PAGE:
Spiral Island

From Wikipedia, the free encyclopedia
Jump to: navigation, search

Coordinates: 21°13′50″N 86°44′14″W / 21.23043°N 86.737189°W / 21.23043; -86.737189

Spiral Island I in early March 2000

Spiral Island is the name of a floating artificial island built in Mexico by British artist Richart "Reishee" Sowa. It was destroyed by Hurricane Emily in 2005; a replacement, Joyxee Island, has been open for tours since 2008.

Spiral Island has been featured in a number of newspapers and TV documentaries around the world, including in Japan and South Korea, and has been featured in an episode of the Ripley's Believe It or Not! TV series, and on the MTV program Extreme Cribs in 2011.[1]

Spiral Island[edit]

The first Spiral island was located in a lagoon near Puerto Aventuras, on the Caribbean coast of Mexico south of Cancún; Richart Sowa began constructing it in 1998. He filled nets with empty discarded plastic bottles to support a structure of plywood and bamboo, on which he poured sand and planted numerous plants, including mangroves.<The island sported a two-story house, a solar oven, a self-composting toilet, and three beaches. He used some 250,000 bottles for the 66-by-54-foot (20 m × 16 m) structure. The mangroves were planted to help keep the island cool, sequester atmospheric carbon, produce oxygen, clean water with their roots and some of them rose up to 21 feet (6.4 m) high.

Almost all of the sand Sowa used for Spiral Island I was taken from the end of the beach, where it came up against the man-made rock pier on the edge of the canal system where the Island was tied. Due to the prevailing winds, beach-sand was constantly being piled up because of the constant motion of the waves and wind. The beach sand was dredged out using large machinery so that boats could continue to come through the canal. Since Sowa gathered 8 to 10 large buckets per week, the builders of Puerto Aventuras Canal did not need to dredge it again, as he was doing it for them.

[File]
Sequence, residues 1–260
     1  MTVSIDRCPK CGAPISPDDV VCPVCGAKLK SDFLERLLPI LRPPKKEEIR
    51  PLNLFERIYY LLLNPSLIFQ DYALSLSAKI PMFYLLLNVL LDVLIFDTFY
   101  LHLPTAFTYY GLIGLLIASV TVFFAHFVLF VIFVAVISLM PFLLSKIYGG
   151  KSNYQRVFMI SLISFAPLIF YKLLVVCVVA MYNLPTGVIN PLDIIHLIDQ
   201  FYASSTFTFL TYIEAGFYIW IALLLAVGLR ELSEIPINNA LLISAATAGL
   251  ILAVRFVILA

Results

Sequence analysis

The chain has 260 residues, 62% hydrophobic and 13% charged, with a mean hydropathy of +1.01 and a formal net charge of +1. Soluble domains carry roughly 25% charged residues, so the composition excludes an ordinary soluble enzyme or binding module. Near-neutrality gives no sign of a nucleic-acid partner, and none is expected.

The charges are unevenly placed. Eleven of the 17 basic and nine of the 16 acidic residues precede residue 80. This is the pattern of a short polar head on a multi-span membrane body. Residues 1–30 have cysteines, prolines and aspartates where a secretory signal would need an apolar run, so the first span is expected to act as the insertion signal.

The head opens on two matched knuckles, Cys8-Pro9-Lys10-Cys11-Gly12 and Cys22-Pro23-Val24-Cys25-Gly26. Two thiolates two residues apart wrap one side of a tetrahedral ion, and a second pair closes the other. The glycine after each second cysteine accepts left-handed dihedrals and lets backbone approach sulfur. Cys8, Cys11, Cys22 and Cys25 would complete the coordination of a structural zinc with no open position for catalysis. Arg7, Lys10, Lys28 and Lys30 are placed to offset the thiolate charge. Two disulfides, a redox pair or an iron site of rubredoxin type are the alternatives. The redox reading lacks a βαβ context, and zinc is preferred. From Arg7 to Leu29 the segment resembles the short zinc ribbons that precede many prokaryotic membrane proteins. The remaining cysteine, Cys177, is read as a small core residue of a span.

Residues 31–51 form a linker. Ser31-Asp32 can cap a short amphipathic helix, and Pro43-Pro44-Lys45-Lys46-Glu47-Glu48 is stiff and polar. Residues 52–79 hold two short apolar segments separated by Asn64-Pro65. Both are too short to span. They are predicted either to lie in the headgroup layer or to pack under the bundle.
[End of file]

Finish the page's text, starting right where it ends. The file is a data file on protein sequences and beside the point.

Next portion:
Richart was ordered to take the island out of the man made canal in 2,004 because many private homes and condos were being built and he lived for one year tied to the end of a loose rock pier. Richart was offered a new location in the bay of Soliman about 200 km south, Finally he was permitted by Port authorities to tow Spiral island but the authorities stipulated that 5 boats were needed and after 1 year of attempting to get 5 boat captains to agree, the Island was destroyed by Hurricane Emily in 2005. The island was washed completely onto the beach in one piece, and a small proportion of the bags of bottles washed up on the beach away from where it landed. The roots of the 7-year old 7 meter tall mangroves were intertwined through the island's base and the strong net that was wrapped totally under the whole island helped to keep it together. The mangroves were beginning to sprout new leaves and Richart was attempting to get the Island back in the water. But authorities ordered it all to be taken to a nearby Trash pile in the Jungle and everything was cleaned up within 3 weeks after the hurricane.

Joyxee Island[edit]

In late 2007 and 2008, Sowa built a replacement for Spiral Island in the waters of Isla Mujeres, the "Island of Women", also near Cancun. It opened for tours in August, 2008. [2]

The new island was initially 20 metres (66 ft) in diameter, which has since expanded to 25 metres (82 ft), and plants and mangroves are already growing on it. It contains about 100,000 bottles. The new island has three beaches, a house, two ponds, a solar-powered waterfall and river, a wave-powered washing machine and solar panels. Volunteers helped with the project. Sowa will continue to make improvements to the Island, so it will always be a work of art in progress.

In May 2011, Reishee embarked on a project to berth his island out in Isla Mujeres Bay, as it was now too big for its current site off a pier in Laguna Majax. The Mexican Government also recognized Joyxee Island as an "Eco Boat" and therefore needed to comply with all current boating regulations, which involved the purchase of fire extinguishers, life ring buoys and emergency kits. The project was launched on kickstarter.com with a goal of $18,000. By the time the project had expired, it had nearly $5,000 pledged. Since Kickstarter only delivers the money when a project has succeeded in reaching its funding goals, no money was gained.[3] Reishee later successfully relaunched the project with a more conservative $9,000 goal.[4]



External links[edit]